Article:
With the close of 2014 came the closing of the Vermont Yankee Nuclear Power Plant.
At 1:04 pm EST on Monday, the 620 Megawatt plant in southern Vermont was completely shut down. The nuclear facility had been ramping down slowly for several months. It had been running at 74% capacity on Monday morning, with other New England power stations taking up the growing gap as it drew down its electricity production.
The plant’s closure follows that of of Southern California Edison’s San Onofre Nuclear Generating Station, Dominion’s Kewaunee plant in Wisconsin, and the Duke Energy’s Crystal River plant in Florida. According to recent analysis by the Energy Information Administration’s Robert McManmon, these facility shutdowns contributed to more than 4,900 job cuts across the country.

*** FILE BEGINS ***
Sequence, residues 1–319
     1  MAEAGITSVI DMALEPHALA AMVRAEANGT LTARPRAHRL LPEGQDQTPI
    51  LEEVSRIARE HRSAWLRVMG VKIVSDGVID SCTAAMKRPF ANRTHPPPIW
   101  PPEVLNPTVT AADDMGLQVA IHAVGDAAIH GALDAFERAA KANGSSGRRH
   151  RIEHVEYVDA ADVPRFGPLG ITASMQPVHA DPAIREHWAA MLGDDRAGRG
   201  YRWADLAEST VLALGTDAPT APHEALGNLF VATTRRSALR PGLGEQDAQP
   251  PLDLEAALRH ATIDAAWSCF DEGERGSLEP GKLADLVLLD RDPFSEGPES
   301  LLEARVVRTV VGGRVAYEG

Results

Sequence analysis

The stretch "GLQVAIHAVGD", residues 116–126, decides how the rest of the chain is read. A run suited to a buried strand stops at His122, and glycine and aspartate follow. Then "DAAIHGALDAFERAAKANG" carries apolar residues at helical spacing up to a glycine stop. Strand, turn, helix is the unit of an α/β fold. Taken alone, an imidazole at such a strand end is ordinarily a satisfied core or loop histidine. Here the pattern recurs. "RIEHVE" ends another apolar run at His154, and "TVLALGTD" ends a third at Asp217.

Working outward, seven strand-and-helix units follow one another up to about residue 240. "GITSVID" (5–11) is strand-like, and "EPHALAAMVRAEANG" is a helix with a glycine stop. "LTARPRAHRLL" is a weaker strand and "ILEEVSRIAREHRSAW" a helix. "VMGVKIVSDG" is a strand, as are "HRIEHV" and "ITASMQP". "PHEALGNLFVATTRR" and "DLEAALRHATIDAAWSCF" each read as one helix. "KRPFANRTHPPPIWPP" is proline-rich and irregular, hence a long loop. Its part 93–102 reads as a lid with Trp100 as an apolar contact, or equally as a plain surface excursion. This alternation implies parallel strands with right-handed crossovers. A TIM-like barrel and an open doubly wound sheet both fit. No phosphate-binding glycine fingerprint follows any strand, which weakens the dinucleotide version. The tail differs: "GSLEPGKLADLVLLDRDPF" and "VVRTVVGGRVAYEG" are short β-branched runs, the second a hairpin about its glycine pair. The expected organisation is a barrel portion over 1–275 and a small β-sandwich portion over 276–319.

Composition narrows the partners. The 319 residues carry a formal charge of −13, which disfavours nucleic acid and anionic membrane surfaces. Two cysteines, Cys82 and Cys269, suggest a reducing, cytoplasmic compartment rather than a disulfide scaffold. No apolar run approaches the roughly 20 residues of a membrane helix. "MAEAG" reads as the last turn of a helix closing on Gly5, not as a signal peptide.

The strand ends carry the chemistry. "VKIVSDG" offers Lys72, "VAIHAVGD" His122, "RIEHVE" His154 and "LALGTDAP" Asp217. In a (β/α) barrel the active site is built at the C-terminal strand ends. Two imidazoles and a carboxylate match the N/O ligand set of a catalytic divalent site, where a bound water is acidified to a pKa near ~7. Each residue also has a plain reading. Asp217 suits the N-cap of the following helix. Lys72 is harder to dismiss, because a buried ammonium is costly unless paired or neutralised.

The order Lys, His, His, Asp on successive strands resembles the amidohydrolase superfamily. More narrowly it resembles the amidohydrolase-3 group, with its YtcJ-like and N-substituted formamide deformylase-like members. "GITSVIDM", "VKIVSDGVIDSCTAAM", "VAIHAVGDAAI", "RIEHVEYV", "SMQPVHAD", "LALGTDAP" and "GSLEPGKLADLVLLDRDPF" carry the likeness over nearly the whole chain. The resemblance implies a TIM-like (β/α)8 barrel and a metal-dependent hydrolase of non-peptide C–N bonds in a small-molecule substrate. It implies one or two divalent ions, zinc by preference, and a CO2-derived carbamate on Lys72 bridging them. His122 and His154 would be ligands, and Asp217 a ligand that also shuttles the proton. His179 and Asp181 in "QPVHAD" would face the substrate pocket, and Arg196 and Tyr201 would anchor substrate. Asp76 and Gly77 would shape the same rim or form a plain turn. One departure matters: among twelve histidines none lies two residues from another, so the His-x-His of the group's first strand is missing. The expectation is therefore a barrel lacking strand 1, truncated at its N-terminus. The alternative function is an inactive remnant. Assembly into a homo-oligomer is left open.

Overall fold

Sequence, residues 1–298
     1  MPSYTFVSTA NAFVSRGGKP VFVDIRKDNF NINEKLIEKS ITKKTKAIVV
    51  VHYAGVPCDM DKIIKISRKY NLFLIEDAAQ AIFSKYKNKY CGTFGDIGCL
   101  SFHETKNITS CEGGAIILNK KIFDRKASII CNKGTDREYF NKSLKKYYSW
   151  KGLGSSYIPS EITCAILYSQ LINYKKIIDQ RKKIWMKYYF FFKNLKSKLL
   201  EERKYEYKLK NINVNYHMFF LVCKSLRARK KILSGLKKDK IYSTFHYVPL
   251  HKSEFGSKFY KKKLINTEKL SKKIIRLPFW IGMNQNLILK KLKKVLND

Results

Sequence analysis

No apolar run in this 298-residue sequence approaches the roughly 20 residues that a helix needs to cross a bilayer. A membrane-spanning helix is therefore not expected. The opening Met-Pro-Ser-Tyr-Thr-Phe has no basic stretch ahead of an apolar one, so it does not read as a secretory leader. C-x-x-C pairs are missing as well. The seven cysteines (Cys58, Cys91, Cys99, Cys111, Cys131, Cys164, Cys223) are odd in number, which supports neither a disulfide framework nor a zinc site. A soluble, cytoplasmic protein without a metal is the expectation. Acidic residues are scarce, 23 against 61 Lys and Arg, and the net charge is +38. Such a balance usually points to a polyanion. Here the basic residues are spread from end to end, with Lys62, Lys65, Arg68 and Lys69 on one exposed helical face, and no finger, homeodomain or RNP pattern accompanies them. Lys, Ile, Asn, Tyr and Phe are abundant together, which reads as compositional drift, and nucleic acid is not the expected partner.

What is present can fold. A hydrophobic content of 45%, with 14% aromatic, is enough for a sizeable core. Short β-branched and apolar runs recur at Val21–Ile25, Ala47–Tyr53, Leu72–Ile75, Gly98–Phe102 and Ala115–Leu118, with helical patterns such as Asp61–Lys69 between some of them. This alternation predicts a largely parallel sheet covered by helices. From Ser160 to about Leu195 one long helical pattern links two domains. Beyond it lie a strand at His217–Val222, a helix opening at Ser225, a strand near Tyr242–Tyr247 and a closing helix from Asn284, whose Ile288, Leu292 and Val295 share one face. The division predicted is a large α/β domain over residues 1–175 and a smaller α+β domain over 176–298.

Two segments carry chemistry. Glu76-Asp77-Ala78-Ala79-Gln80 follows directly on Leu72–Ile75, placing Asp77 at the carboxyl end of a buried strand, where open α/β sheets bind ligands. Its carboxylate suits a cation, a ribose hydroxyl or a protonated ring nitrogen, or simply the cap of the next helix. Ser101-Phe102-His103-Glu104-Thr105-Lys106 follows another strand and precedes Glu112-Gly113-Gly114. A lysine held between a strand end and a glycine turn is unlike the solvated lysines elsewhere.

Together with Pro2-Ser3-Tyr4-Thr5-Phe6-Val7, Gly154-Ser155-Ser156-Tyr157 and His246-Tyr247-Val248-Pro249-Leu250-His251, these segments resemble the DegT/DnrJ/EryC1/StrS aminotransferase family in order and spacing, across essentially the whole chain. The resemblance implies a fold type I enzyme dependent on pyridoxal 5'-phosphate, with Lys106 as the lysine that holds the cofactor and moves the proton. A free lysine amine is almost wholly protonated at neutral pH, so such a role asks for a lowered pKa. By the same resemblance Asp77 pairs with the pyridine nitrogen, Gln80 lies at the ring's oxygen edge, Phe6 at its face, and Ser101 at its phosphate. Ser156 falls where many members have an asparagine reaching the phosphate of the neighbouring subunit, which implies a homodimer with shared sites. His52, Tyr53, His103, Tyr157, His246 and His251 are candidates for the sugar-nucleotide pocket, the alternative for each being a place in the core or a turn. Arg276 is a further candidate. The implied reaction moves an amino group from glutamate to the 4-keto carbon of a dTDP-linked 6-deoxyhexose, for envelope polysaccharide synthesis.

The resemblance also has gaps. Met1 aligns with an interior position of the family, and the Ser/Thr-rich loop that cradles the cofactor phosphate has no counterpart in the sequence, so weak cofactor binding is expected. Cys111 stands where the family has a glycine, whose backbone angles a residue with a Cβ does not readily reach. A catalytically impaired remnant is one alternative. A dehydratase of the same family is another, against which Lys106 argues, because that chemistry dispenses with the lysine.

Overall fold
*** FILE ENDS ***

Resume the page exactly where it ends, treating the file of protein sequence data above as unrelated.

The shift has already appeared in the EIA’s tool for tracking the status of the U.S. nuclear fleet. Launched earlier this year, this tool displays daily nuclear power plant capacity data. The Yankee Nuclear Power Plant now shows a daily plant output of 0 percent.
The plant had been in operation for 42 years. According to Vermont’s Governor, Peter Shumlin, the shutdown reflected a distinct shift in Vermont’s energy sector. In a statement yesterday, he stated that “thanks to investments in renewable energy such as solar, Vermont’s energy future is on a different, more sustainable path that is creating jobs, reducing energy costs for Vermonters and slowing climate change.”
The plant is now expected to be decommissioned and dismantled, a process that will likely take decades and cost upwards of $1.2 billion.